One Last Summer Act at the Artists' Exchange

The Artists' Exchange One Act Play Festival celebrates its tenth anniversary.


You guys, it’s August. Even though it’s been more than a decade since I’ve had an actual summer break, this month still always manages to be as sad as one long Sunday. Not to worry too much, I’ve got good news. First, August means it’s almost September, which means that 2015-2016 theater seasons will start up soon. But more immediately, August is still festival season around here. 

One final and notable entry in this year’s festival season is The Artists’ Exchange’s annual One Act Play Festival, which is celebrating its tenth anniversary. According to Theater Director Jessica Chace, this year’s lineup features 16 original works showcasing more than 30 actors, 15 playwrights and five primary directors. 

Organizers had their work cut out for them this year – Jessica says that the group whittled down over 1,000 submissions to the final lineup. “It was an overwhelming amount of work, the most we’ve ever had,” she says. “It was at least three times as many as last year, with submissions from as close as Cranston to as far away as India.” 

The settings, ideas and tones in the various one acts are as varied as their geographical pedigrees. Comedy, drama, romance, family fare – this festival has it all. But what unites these works, more than just the delicate ballet of prop swapping and quick changes that have to happen on the minimal sets to make such a varied lineup work on a shoestring budget, is the festival’s central theme: celebration of creativity. 

“First, celebration comes in many forms,” says Jessica. “Birthdays, milestones, anniversaries, proposals, engagements. It can also mean divorce. It can also mean making the choice to better your life, as difficult as it may be. So celebration was in the back of our minds when selecting the plays.” 

Celebrating creativity is central to the overall mission of the Artists’ Exchange, a space that houses multiple art studios, galleries and year-round classes in all art forms, among other things. It is a place where creativity and connection are embraced across all mediums and across all people. “As absurd as it may be, you can find a connection with someone around the corner, in an alley, at a drugstore, often when we least expect it,” Jessica says. “We should celebrate the difference in people. Our mission is about celebrating people in all walks of life and integrating everyone, because we all have unique gifts and abilities.”  

Some of this creativity will help to unite the scenery for each show at the Black Box Theatre 82 & Character’s Café in Cranston. Even the pared-down number of shows would present a budgetary challenge for those in cushier situations. But after facilitating transitions in the space for the previous incarnations of the festival, resident technical guru Adam Ramsey has it down to a science. Jessica says that all artists, even actors, play a role backstage, helping to move sets and assisting with lights and music. And this year, an anonymous artist from New Bedford has donated abstract paintings that will be present across all plays in the festival. “[That in itself is] a celebration of creativity, of art. It can be interpreted however you want – that’s the whole basis of abstract art,” Jessica points out.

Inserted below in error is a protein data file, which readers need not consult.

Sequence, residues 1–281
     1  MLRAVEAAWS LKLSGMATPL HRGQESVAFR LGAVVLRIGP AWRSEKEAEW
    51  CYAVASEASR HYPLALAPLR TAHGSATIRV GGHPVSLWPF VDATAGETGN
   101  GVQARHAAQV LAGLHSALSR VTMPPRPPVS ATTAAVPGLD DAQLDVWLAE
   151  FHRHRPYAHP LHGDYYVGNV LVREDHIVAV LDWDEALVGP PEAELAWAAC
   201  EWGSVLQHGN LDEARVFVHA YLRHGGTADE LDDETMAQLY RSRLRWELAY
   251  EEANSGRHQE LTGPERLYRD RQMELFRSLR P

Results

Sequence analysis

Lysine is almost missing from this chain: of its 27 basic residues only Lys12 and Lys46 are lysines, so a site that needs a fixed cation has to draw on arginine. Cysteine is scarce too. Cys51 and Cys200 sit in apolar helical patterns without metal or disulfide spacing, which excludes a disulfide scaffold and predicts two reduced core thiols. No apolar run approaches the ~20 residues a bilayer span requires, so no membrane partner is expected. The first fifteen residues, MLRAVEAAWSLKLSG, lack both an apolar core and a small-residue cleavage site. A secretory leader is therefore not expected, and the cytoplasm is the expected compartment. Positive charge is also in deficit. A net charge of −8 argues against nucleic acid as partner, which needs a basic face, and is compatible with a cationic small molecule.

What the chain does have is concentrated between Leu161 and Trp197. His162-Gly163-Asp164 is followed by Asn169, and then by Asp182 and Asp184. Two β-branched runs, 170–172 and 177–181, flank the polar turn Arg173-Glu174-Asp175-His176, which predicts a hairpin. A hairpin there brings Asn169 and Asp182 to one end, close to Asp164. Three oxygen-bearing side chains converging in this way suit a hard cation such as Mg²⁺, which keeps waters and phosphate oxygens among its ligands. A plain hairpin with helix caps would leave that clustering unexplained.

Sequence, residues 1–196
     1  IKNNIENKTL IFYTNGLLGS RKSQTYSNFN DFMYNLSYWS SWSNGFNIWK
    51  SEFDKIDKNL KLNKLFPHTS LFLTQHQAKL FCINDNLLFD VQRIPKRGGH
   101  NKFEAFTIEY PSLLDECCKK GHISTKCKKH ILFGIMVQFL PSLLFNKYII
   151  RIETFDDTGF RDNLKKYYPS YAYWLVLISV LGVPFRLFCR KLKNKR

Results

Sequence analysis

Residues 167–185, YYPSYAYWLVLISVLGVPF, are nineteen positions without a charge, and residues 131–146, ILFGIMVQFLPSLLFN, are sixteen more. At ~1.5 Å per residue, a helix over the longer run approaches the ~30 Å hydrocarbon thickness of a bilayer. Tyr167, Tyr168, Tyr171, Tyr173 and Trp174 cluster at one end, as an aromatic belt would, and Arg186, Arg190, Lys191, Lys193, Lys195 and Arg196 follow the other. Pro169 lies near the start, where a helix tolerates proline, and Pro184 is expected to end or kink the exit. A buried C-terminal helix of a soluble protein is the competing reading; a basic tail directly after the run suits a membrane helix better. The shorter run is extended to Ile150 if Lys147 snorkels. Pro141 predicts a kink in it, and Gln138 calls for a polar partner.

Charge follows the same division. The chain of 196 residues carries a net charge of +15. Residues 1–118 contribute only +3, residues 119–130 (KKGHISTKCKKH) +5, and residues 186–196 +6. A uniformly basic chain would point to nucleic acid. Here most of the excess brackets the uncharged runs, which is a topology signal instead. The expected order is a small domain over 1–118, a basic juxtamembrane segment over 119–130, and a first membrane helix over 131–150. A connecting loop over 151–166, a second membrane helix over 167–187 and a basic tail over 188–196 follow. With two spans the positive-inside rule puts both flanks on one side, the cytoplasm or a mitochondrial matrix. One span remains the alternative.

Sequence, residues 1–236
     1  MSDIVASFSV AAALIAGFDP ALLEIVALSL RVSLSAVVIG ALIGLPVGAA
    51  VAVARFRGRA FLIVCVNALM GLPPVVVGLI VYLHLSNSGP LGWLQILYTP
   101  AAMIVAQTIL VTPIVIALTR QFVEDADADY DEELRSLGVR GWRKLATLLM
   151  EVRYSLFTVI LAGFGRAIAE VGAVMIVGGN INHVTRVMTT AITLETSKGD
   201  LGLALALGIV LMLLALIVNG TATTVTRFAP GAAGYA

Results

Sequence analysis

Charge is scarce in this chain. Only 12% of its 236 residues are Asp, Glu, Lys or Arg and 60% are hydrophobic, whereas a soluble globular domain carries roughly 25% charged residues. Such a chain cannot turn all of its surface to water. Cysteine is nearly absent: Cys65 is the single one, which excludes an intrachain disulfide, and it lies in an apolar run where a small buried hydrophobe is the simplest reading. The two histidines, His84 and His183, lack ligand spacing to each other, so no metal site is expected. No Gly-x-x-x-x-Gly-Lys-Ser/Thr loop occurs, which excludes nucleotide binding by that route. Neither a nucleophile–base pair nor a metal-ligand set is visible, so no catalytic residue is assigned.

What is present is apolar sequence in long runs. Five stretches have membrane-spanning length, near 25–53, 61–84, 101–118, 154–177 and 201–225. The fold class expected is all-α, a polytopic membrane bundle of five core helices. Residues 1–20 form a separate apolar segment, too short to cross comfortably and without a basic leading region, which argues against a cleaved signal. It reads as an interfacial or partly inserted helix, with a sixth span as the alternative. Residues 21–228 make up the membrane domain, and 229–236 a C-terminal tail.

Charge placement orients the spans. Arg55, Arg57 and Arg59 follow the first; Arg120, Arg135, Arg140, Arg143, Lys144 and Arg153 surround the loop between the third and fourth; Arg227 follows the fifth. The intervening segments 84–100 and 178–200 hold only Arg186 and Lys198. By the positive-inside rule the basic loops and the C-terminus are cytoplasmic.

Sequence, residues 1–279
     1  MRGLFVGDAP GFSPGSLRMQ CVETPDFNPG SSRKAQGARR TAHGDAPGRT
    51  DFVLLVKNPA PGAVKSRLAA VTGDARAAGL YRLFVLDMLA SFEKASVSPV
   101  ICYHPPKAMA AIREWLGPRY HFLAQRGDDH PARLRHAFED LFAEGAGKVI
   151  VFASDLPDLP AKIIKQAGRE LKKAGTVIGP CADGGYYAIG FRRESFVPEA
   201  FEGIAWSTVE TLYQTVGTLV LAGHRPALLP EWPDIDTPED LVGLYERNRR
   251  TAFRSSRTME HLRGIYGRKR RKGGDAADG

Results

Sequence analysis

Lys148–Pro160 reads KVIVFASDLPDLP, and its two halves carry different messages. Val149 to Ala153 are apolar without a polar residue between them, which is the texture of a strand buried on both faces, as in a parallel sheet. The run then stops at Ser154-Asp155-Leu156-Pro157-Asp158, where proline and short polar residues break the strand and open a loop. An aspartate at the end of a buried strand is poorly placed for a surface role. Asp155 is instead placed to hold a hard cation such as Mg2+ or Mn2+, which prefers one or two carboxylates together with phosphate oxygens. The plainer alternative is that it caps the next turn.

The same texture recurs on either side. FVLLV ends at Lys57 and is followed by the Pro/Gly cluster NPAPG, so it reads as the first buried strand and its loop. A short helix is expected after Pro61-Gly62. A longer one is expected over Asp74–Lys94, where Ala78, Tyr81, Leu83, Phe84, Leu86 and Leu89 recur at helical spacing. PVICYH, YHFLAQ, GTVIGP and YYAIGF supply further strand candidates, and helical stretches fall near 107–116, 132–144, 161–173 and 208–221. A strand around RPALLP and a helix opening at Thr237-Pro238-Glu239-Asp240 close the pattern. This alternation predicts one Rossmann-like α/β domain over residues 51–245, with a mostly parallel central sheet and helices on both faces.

The selections are scheduled over two “waves” – the first on July 17, 18, 24, 25 and the second across July 31, August 1, 7 and 8. Another unifying feature of the festival is the length; each show is about 10 to 15 minutes, and acceptable for almost all audiences (Jessica says it’s rated PG-13 for some language that’s inappropriate for youngsters). This is, in part, to encourage audience members even in today’s Insta-ADD-Tweetspeak world to get out and have an interaction with live theater, even in its most bite-sized forms. “These are fresh works of art. People may not have heard of them,” she says. “[This festival] gives us an opportunity for playwrights all over the world to have their work be heard for the first time. That opportunity is really special.” 

The reciprocal goodwill extended to the Exchange by those same playwrights is particularly evident in Bottom of the 9th by Minnesota native Rand Higbee, which will be playing in Wave 2, says Jessica. Originally written to be about the scribe’s home team, the Minnesota Twins, Rand gave the Exchange permission to revamp the show to be themed around the Boston Red Sox – for obvious reasons. “We’re excited about that show,” says Jessica. “Even if you don’t like baseball or sports, you can’t help but get into that Red Sox Nation feeling.” 

Which is another thing about August, for you baseball fans – October’s just right around the bend. 

Artists’ Exchange 10th Annual One Act Play Festival through August 8
82 Rolfe Square, Cranston